10 Fun Facts About New Jersey and U.S. Presidents

Do you know about the Garden State's ties to some of our country's most famous historical figures?

The Grover Cleveland birthplace in Caldwell. Photo by Akiko Tawarada-Axe.

1. Born in Caldwell in 1837, Grover Cleveland is New Jersey’s only homegrown chief executive. His time here was brief. When he was four, Cleveland’s family moved to upstate New York, which would become as his political launching pad. After serving as New York’s governor, Cleveland was elected in 1884 to the first of two non-consecutive terms as president. After his presidency, Cleveland retired to Princeton, where he died in 1908. He is buried in Princeton Cemetery alongside his wife, Frances, and their daughter, Ruth (who some contend is the namesake for the Baby Ruth candy bar).

2. New Jersey did send a governor to the White House, but he was not a Jersey native. Woodrow Wilson was born in 1856 in Staunton, Virginia. He attended the College of New Jersey (now Princeton University). He later taught at Princeton and in 1902 was named university president. He served until 1910, when he was elected New Jersey’s governor. Two years later, he was elected president. Wilson would serve two terms, presiding over the nation during World War I.

3. At least five New Jersey towns and one borough are named for George Washington, who indeed slept here often as commander of the Continental Army. Bergen, Burlington, Gloucester, Morris and Warren counties can all claim Washington Townships; Warren has the lone borough. Mercer County also had a Washington Township until 2008, when voters changed the name to Robbinsville. Jersey towns have been named for at least nine other presidents—a list that, oddly enough, does not include Cleveland or Wilson.

4. Pity poor James A. Garfield. The Ohio native was elected president in 1880, but just six months after his inauguration, an assassin shot Garfield in the back. The president survived the assassination attempt for 11 months. Toward the end, he was transported to the Elberon section of Long Branch in hopes the salt air would add to his recuperative powers. He died there on September 19, 1881, two months shy of his 50th. Garfield was one of seven presidents—from Grant to Wilson—to seek rest and relaxation in Long Branch. Hence, Seven Presidents Oceanfront Park.

5. Philadelphia-born George McClellan attended West Point and was a military superstar, rising to general-in-chief of the Union Army—until President Lincoln fired him during the second year of the Civil War. McClellan’s revenge was to run as a Democrat against Lincoln in the presidential election of 1864. He lost, carrying only three states—including New Jersey. He later served a single term as New Jersey’s governor, from 1878–81. McClellan died in Orange in October 1885 at the age of 58 and was buried at Riverview Cemetery in Trenton.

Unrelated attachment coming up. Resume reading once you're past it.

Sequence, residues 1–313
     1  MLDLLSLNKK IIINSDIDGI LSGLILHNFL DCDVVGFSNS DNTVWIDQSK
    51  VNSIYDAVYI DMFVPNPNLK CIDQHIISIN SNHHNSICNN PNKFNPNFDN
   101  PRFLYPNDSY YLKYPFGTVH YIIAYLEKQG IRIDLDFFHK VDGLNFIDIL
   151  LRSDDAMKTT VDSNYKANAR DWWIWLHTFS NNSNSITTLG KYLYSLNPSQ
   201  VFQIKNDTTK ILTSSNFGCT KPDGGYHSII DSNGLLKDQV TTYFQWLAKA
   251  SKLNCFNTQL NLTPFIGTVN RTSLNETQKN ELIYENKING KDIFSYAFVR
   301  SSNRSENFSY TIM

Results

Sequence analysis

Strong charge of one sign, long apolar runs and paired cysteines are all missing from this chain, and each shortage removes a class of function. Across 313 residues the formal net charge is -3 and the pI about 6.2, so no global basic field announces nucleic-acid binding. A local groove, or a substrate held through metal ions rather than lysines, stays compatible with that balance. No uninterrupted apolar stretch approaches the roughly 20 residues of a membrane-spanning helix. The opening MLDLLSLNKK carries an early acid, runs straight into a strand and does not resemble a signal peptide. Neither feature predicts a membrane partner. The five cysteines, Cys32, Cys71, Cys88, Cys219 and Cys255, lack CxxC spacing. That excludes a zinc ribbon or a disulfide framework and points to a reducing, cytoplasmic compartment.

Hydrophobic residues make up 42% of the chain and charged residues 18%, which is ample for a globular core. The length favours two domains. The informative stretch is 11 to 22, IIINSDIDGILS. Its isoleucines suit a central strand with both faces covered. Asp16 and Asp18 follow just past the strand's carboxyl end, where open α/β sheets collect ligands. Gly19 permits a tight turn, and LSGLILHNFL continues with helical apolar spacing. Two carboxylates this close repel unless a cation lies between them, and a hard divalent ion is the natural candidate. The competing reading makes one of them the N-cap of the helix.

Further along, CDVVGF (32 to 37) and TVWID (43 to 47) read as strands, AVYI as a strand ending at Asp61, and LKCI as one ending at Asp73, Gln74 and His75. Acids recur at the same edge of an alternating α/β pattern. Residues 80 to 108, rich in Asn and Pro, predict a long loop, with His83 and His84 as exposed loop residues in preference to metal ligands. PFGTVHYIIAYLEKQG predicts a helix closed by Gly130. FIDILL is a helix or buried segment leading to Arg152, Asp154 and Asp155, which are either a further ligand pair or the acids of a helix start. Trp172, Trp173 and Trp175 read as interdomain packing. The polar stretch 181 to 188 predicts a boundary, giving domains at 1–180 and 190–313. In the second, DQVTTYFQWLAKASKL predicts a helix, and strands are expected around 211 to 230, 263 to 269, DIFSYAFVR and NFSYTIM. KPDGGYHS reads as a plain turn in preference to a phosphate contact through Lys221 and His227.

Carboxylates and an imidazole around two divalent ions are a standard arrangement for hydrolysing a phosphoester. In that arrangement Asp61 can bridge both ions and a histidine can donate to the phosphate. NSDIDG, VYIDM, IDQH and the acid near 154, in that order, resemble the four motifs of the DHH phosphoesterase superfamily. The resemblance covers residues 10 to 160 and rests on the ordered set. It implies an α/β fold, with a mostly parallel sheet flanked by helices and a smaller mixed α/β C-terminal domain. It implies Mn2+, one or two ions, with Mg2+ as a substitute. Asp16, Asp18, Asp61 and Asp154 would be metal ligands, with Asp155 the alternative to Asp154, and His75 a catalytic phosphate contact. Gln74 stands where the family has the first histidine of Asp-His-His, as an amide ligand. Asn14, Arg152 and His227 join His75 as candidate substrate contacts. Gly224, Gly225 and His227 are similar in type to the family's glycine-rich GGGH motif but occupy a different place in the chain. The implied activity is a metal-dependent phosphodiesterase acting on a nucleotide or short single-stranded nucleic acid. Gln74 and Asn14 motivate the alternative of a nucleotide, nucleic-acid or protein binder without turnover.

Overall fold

[RELATED: 29 Moments That Shaped New Jersey]

6. Long Branch native Garret Hobart was once a heartbeat away from the presidency—his own. Hobart, a Republican, served in both houses of the New Jersey Legislature before running for vice president on William McKinley’s ticket in 1896. They won, but Hobart died of heart disease while in office in 1899. He was just 55. Had he lived, Hobart no doubt would have been McKinley’s vice president for a second term—and would have ascended to the presidency in 1901, when McKinley was assassinated. Instead, the job—and the presidency—went to Theodore Roosevelt. Hobart is buried in Cedar Lawn Cemetery in his adopted hometown of Paterson.

Aaron Burr Jr., third vice president of the United States, is buried in the Princeton Cemetery of Nassau Presbyterian Church. Courtesy of Rita Fowler and Tony Fischer

7. Aaron Burr narrowly missed the presidency in 1800, when he tied Thomas Jefferson in the Electoral College. That threw the decision to the House of Representatives, which took 36 ballots to choose Jefferson. Under Constitutional rules at the time, Burr, a native of Newark, ended up as Jefferson’s vice president. Any hopes of succeeding Jefferson ended on July 11, 1804, when Burr killed Alexander Hamilton in a duel in Weehawken. That, and his later shenanigans trying to set up an independent nation in the American Southwest, put an end to Burr’s political career. He died in 1836 and was buried in the Princeton Cemetery near his father, Aaron Burr Sr., the founder of the College of New Jersey (now Princeton).

8. Speaking of Princeton, among its many famous alumni is former first lady Michelle Obama. The Chicago native—born Michelle LaVaughn Robinson—majored in sociology and minored in African-American studies at Princeton. She graduated cum laude with a bachelor of arts in 1985. Michelle earned a law degree at Harvard and met future husband Barack Obama while both were practicing at a Chicago law firm. When Barack was elected president in 2008, Michelle became the nation’s first African-American first lady.

Illustration by Steve Brodner

9. California was Richard M. Nixon’s power base, but he spent the final 13 years of his life residing with his wife Pat in Bergen County, first in Saddle River and later in a gated community in neighboring Park Ridge. Nixon, who died in 1994 at the age of 81, was a huge sports fan and in his Jersey years was a frequent presence at Giants football games in the Meadowlands.

10. Although a native of Queens, New York, Donald Trump has strong ties to New Jersey. During the 1980s, he bought or built three Atlantic City casinos. By the time he was running for president, the three casinos had gone through four bankruptcy proceedings and had all been sold or shuttered. Trump’s brand is gone from AC, but it remains on his private golf courses in Bedminster and Colts Neck.

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